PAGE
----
Give everyone a few moments to consider their choice, and then invite them to share their decision – and why – with their partner. This moment is critical, because it builds in a level of accountability for the next step.
Now, invite each person to consider which preference they believe the majority of the whole group would choose. Naturally, it is entirely possible that an individual may choose one option, while believing the majority of their colleagues would choose the other. Herein lies the value of this exercise – sometimes appearances can be deceiving.
Again, ask everyone to share a prediction with their partner, and, importantly, why they have made this choice.
To be clear, the split reflects the personal choices of each individual, which will produce a majority one way or the other reflecting the group’s preference.
Finally, ask for a split – invite each individual who chose one option (eg Coke) to step to the left of some imaginary line you have nominated, while those who chose the other (eg Pepsi) to step to the right. On most occasions, a majority will have formed for everyone to see.
Sometimes, it is enough to observe the split, and then move onto the next question. However, for some added value, award a ‘point’ to each person who accurately predicts the majority preference of the group.
At the end of, say, six to ten rounds, acknowledge those who scored the most number of points.
Here are four more questions to get you started (you can download dozens more from the Resources tab:)
Do you prefer…
Video games or Board games?
Dark chocolate or White chocolate?
Be Invisible or have Super-human strength?
Phone call or Text?
Play for as many rounds of questions as makes sense for your group.
Practical Leadership Tips
In case it’s not obvious, there is rarely a right answer. Unless, of course, your whole objective is to explore the consequences of one choice versus another
Naturally, the group-split preference works much better if you ask each pair to not communicate with others in the group before making a decision.
Of course, it depends. Every choice we make depends on a variety of factors. When these words are uttered – and believe me, they will at some point – simply ask your group to consider each choice at face value, all things being equal.
In theory, a group that has accurately predicted their collective results more often than not, could be argued to have a good grasp of their values, abilities or interests. But, this is not always the case. A lot depends on the sort of questions you ask, and the level of comfort people have about publicly sharing their values.
Hats off to the team at Paradigm Shift who produce a set of laminated Must Choose cards to accompany the game.
Non-Verbal Splits: Pose your question and ask each person to move to that side of the space which reflects their choice. Beware, this set-up may cause some people to be influenced by the decisions of others because there is no accountability built into each round.
Hypothetical Choice: Take a look at This or That, a similar conversation starter which explores the preference for one of two difficult-to-choose, hypothetical propositions.
Open the Virtual Adaptation tab to learn how to present this activity online.
Ask each person to record their preference(s) on paper and then, when invited, type them into the chat room facility. For small groups, you could do this with each round (question) or wait for 3 to 5 questions before sharing them all at once. Ask each person to scan the entries to identify at least one other person who has recorded the exact same preferences, and/or the exact opposite preferences. Process as required.
For large groups, divide into smaller ‘break-out’ rooms of approx 15 to 20 people before posing your questions.
If possible, randomly divide your group into groups of 2 or 3 people in advance, ie multiple break-out rooms. Pose your question(s) and invite each small group to discuss their preferences with each other before entering their choices into the large group chat room. Sharing first in small groups builds accountability.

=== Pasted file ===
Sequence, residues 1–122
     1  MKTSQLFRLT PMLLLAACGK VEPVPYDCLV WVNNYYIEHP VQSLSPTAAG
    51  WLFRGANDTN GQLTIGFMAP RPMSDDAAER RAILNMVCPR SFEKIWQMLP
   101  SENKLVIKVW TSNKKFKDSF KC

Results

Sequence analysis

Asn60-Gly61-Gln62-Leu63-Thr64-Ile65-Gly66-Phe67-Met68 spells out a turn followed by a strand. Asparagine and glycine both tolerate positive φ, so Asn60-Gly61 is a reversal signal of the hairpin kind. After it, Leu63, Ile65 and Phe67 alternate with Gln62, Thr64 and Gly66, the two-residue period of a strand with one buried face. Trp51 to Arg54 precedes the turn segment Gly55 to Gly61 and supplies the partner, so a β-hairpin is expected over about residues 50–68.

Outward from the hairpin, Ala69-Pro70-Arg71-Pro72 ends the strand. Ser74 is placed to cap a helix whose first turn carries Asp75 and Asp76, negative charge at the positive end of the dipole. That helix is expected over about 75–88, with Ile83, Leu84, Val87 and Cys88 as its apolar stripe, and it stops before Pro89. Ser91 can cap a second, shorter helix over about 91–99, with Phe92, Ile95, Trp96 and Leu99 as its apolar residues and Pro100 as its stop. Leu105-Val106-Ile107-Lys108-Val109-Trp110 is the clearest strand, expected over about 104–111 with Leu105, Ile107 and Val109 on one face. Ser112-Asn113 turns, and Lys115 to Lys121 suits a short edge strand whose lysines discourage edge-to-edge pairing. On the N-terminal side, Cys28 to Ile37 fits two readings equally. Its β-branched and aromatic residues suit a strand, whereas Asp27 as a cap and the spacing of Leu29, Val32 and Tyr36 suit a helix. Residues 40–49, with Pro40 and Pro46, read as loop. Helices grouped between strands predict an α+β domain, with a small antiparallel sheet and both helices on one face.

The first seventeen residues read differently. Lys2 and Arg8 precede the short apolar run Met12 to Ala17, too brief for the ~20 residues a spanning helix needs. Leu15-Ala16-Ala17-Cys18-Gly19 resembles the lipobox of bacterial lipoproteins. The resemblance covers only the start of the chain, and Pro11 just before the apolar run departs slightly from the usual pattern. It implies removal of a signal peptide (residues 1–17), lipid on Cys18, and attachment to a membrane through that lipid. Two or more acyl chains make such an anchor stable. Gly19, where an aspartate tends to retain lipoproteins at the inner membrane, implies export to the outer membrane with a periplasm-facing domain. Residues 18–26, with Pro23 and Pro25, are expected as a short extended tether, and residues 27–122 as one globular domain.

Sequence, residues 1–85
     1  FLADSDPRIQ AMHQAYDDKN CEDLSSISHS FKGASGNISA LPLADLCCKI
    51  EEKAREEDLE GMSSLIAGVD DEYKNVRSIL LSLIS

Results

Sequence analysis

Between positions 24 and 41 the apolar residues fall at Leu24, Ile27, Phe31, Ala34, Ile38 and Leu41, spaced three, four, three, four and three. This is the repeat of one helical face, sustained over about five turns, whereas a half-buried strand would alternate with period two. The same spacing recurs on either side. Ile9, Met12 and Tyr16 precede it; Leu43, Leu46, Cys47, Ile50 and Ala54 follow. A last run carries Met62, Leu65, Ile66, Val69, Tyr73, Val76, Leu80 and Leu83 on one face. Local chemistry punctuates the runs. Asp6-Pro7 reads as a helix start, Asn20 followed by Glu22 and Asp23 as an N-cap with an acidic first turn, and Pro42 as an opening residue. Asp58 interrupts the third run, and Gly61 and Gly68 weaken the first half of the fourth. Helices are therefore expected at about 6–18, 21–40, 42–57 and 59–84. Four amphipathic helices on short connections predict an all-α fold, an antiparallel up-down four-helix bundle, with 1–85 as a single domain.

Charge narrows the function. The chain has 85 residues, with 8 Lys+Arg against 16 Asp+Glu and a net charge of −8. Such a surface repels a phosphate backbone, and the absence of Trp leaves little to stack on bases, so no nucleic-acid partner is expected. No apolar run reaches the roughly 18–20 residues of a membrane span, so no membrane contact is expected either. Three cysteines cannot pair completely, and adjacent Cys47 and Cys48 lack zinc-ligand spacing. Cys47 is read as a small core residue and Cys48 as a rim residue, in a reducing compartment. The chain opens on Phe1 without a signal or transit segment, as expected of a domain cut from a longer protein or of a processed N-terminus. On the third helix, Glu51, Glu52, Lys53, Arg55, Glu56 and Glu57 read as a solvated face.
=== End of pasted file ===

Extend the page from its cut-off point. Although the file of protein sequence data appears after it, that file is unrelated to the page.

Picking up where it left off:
If your video conferencing facility permits annotation, divide the primary screen into two (eg Coke on left and Pepsi on right) and ask each person to mark one side or the other to record their preference. This option works best when people have first shared in a small group for accountability purposes, ie some people may be inclined to change their ‘preference’ once they discover their peers are choosing differently.
Use a (free) screen mirroring software (such as Whiteboardfox) to create a blank canvas for each question. Instruct your group to mark an X or their name on the divided sheet you create for each scenario preference.
Pose your scenario and ask people to consider their preference. Then, ask them to consider what they predict the group preference (or majority) will be. Tip: ask people to write this down. Then, ask all those with option A to put hands on their head and all those with option B to cross their arms on their chest. It will quickly become obvious which preference is the majority. Award one point for everyone who predicted that result.
Further to above, use the inbuilt polling function (if possible) to quickly determine the majority preference of your group, ie you will need to create the questions and two choices in advance and activate the poll when ready.
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Useful Framing Ideas
Just how well do you know your group? If I were to ask you a series of questions, how accurately could you predict the results? Let’s find out…
No doubt you’ve heard the phrase, don’t judge a book by its cover, or that looks can be deceiving. Sometimes, even when you think you know a person really well, you can be surprised. This next exercise will provide you with an opportunity to determine how well you know your group…
Reflection Tips & Strategies
Coupled with one or more reflection strategies, here are some sample questions you could use to process your group’s experience after playing this powerful get-to-know-you-better, trust-building game:
How easy was it for you to make a decision?
What factors or criteria did you use to make certain decisions?
Did any of your choices surprise others who know you?
What might your choices reveal about you and your values? What about the group?
What ‘evidence’ did you take into account to make your decisions about the preference of the group?
The inspiration for Must Choose, and many more successful getting-to-know-you games, was sourced from the following publication: